It's important for children to know that 2D Shapes are flat like a piece of paper, but 3D Shapes can be held in your hand. 3D shapes can be fun to experiment with and discover which ones can roll and which ones can slide. Discuss with the children how many faces, edges and corners they have. Are the faces flat or curved? Are the edges straight or curved? How does the shape feel? This is where a feely bag can be a great way to introduce this concept as well as the individual shapes.
So which 3D shapes should you teach? This is what I would recommend for 5-6 year olds in their first year of school...
- Rectangular Prism
There are infinite uses of dice in a classroom - why not learn about cubes while you are playing dice games?
This anchor chart from Kindercraze is a nifty follow up activity to your shape hunt. Click here to download this resource for free!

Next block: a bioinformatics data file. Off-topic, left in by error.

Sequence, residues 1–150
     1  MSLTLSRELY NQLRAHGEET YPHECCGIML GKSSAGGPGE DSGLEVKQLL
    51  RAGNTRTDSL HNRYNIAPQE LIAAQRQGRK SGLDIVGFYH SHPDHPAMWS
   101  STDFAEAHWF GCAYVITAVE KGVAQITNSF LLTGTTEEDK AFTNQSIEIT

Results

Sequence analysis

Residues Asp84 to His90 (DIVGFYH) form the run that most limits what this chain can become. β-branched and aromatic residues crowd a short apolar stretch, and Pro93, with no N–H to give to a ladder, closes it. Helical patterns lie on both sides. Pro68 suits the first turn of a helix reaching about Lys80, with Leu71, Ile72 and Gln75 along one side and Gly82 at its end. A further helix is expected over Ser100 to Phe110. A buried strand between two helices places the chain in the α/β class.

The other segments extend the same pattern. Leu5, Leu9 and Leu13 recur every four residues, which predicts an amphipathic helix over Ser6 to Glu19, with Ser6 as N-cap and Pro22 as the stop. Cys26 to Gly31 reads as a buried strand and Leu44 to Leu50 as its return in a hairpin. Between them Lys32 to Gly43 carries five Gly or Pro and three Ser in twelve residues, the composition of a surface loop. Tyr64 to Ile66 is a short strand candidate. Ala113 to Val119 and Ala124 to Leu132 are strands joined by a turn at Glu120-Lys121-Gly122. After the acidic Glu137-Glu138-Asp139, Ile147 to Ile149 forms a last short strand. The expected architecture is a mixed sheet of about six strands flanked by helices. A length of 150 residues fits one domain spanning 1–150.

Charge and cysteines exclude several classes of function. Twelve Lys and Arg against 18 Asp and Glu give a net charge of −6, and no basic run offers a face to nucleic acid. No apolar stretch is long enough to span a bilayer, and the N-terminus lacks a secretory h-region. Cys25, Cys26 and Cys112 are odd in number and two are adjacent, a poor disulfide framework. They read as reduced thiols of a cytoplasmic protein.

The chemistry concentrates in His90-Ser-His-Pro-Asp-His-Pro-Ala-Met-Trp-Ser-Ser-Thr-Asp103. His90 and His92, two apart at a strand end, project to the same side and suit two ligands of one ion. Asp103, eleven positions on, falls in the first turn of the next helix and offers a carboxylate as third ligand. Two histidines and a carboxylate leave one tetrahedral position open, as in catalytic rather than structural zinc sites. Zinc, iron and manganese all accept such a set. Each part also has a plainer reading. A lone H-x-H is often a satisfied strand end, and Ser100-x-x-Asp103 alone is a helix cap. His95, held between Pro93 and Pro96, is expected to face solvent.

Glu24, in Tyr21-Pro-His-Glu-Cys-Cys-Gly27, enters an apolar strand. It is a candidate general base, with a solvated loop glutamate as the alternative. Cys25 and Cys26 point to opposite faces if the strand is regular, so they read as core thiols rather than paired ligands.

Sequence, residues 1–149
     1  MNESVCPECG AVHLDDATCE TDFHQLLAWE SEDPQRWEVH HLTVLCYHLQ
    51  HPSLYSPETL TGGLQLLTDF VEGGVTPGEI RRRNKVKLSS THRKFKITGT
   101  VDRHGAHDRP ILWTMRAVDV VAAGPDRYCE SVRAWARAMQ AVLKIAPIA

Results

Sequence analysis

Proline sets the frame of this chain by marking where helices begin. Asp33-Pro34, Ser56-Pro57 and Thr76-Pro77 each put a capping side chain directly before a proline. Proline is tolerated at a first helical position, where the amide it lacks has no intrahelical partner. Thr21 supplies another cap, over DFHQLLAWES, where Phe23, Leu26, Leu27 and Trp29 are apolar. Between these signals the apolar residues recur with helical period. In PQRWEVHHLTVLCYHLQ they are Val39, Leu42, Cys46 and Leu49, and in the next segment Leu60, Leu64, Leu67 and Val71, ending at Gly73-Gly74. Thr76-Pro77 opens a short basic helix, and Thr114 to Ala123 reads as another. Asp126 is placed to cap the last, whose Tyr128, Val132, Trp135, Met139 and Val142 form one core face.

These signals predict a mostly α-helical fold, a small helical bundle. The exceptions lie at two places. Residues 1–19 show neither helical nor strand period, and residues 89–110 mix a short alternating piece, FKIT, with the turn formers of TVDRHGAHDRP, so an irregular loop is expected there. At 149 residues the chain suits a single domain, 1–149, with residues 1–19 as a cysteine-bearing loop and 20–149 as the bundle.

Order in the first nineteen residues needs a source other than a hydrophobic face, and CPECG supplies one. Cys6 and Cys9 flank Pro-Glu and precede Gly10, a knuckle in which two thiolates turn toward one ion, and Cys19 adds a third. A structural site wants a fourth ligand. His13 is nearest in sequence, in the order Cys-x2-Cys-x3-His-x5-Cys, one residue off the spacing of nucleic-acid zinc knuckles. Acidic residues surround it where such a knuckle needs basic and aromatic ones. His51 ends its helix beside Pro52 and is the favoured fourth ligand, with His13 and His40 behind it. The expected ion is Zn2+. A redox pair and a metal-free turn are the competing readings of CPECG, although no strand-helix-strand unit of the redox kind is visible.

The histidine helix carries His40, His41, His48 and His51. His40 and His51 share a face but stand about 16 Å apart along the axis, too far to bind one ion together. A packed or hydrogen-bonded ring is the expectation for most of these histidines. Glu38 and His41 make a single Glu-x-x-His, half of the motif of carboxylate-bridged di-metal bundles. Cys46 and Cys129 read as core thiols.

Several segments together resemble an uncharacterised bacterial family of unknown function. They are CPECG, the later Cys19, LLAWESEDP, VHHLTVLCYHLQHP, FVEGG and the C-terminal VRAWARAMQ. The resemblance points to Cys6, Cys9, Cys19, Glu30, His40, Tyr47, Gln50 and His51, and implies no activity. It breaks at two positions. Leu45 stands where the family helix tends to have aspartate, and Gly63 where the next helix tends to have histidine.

In my lessons I would call the 'sides' faces - but each to their own!
One of my favourite blogs (and link ups) Living Montessori Now. I love the hands on approach to teaching 3D shapes, and there are always free printables for you to download.
Here's a post just about Spheres
Here's their post about Spheres, Cubes and Cylinders.
Here's one about Geometric Solid Gift Wrapping (love this idea - definitely one to try)
Here's one about cubes
Polydrons would have to be my favourite classroom resource to teach this unit. It's all about play based learning! Children can connect the flat 2D shapes to create many different 3D shapes. This is a great opportunity to have discussions about how many faces the shapes have - as you simply count the number of polydrons you used to create that shape.
Older children can begin creating their own nets and 3D shapes! I found this useful resource of templates on TpT for only $1! Or this one is free :)
Happy shape play!